Lesser Mouse-eared Bat
Morphological description Life history Distribution Habitat Roost sites and roosting patterns Emergence and flight pattern Foraging behaviour Echolocation calls Status and protection
· Dorsal fur is light brown. Ventral fur is grey or white-grey.
· This is a relatively large myotis. We captured one male (forearm length 60.6mm) and one female (forearm length 62.5mm) from Beijing Range of forearm length 55.5-58.3 mm (Bates & Harrison, 1997).
· Mates in autumn, including hibernation period.
· Single young is born in spring.
Zhang et al.'s (1997) map covers much of eastern China, including southwestern Sichuan, Yunnan, Guangxi, Fujian, Zhejiang, Shaanxi, Inner Mongolia, Changjiang (M. myotis) and Inner Mongolia, Xinjiang, Shaanxi and Guangxi for M. blythii. The relationships among these taxa merits further study, and the identifications are questionable.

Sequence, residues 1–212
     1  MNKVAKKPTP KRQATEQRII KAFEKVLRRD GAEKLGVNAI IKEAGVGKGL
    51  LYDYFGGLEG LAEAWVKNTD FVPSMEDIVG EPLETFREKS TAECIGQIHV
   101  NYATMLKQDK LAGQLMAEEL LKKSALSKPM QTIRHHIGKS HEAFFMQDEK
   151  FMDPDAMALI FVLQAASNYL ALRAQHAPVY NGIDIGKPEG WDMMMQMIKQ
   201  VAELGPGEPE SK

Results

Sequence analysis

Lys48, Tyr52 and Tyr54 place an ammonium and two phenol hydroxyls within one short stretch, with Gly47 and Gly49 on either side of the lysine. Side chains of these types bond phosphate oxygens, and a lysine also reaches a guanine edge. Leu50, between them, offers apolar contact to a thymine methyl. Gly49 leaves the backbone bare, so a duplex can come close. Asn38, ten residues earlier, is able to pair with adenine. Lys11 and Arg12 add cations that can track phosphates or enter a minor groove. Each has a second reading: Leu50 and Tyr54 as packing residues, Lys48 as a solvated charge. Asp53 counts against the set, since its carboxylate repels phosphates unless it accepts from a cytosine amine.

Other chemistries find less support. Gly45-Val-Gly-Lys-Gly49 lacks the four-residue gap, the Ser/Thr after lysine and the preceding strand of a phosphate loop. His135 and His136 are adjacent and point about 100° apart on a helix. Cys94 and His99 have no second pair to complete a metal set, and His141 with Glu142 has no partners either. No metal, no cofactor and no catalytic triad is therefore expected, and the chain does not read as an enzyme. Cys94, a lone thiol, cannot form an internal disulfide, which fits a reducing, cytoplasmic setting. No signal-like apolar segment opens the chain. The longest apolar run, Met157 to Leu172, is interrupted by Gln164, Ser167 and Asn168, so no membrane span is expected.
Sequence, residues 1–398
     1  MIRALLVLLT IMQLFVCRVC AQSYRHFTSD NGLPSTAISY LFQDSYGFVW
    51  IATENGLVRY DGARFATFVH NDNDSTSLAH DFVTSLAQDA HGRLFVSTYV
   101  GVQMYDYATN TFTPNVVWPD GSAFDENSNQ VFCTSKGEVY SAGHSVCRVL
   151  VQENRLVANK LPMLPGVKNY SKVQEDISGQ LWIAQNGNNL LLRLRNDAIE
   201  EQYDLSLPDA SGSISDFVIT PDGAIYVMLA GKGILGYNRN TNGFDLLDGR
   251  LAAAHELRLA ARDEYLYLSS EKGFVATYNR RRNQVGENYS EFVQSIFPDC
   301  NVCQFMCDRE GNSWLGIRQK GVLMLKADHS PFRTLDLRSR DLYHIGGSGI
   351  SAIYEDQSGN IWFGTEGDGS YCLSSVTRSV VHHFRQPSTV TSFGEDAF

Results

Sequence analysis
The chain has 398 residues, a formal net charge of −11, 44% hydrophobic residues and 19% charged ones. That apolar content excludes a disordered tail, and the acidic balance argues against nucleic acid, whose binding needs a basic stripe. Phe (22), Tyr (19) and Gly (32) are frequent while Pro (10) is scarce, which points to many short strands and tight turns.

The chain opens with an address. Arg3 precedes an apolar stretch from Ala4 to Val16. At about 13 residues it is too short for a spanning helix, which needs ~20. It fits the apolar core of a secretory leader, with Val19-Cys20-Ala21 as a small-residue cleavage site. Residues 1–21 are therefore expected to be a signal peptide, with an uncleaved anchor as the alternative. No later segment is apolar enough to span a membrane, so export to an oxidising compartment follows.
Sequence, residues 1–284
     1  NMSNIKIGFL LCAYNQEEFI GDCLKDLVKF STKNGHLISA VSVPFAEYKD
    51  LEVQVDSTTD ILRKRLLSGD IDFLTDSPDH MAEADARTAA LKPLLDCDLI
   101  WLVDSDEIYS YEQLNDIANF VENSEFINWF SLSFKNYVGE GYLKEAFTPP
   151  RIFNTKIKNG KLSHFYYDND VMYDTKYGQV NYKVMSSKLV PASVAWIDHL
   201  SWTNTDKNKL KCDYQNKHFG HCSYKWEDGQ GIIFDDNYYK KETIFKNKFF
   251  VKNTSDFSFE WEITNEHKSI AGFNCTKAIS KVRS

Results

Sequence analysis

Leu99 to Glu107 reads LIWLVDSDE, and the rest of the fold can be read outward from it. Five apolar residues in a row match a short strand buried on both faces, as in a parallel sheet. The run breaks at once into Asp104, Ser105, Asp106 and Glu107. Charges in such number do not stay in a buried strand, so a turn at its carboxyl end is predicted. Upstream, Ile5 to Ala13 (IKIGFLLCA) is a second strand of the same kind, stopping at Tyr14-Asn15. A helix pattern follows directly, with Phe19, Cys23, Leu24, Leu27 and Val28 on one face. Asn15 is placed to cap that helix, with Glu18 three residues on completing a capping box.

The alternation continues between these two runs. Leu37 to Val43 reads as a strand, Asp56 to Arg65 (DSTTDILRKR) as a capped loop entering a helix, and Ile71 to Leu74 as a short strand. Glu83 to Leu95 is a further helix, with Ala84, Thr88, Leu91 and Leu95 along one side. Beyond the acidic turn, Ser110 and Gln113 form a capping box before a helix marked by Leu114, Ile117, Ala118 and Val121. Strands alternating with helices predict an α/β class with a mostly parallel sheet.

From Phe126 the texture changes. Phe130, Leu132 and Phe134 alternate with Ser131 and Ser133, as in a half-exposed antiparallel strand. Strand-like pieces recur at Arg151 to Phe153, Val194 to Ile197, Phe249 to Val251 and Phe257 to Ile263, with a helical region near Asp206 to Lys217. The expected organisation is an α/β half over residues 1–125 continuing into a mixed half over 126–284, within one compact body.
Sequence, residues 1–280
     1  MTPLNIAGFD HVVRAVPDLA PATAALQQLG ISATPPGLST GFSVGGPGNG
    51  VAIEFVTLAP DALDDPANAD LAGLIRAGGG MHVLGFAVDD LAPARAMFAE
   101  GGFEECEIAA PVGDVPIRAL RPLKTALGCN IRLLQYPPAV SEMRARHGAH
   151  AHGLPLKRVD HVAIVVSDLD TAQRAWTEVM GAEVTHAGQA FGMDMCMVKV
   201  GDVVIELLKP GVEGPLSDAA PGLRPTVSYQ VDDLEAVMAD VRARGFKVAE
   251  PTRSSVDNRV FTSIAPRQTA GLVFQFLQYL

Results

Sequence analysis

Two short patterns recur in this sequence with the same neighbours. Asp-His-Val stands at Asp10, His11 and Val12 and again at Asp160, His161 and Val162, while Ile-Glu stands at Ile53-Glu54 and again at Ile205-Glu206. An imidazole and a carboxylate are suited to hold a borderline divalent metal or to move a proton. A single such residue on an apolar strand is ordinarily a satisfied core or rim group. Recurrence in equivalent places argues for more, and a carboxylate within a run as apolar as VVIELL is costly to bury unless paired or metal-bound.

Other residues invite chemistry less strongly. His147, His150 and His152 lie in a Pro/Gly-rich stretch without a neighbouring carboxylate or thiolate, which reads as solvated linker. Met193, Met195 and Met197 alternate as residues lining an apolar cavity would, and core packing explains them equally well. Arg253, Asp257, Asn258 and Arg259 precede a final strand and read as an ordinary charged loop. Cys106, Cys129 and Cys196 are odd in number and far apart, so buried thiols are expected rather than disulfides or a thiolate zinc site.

· Bates & Harrison (1997) noted that habitats include scrub forest, low foothills.
· Roosts in caves, buildings, fissures and trees. This species often share their roosts with other bat species. In a cave in Sihe village, Beijing, the lesser mouse-eared bat roosts with greater horseshoe bats, Rickett's myotis and tube-nosed bats.
· M. blythii has relatively broad wings and is probably a manoeuvrable species. It hunts by gleaning (Arlettaz et al. 2001).
· Five droppings analysed from Wanglaopu, 10 July 2002 by GJ seemed to contain exclusively beetle remains. In Europe the diet mainly consists of bush crickets (60%) and varied seasonally in the Swiss Alps. Furthermore, it also eats Tettigoniidae, Lepidopteran larvae, Melolontha (Arlettaz, 1996).
· Foraging behaviour is highly flexible (Arlettaz, 1996).
. Myotis blythii emits broadband echolocation calls.
· There is no estimation of population size in China for this species.
· Lesser mouse-eared bats bats are at LR/lc, assessed by the Red List of Threatened Species (IUCN, 2006) and are not listed in the Law of the People's Republic of China on the Protection of Wildlife in 1989.
· Caves and their surroundings should be protected as their habitats.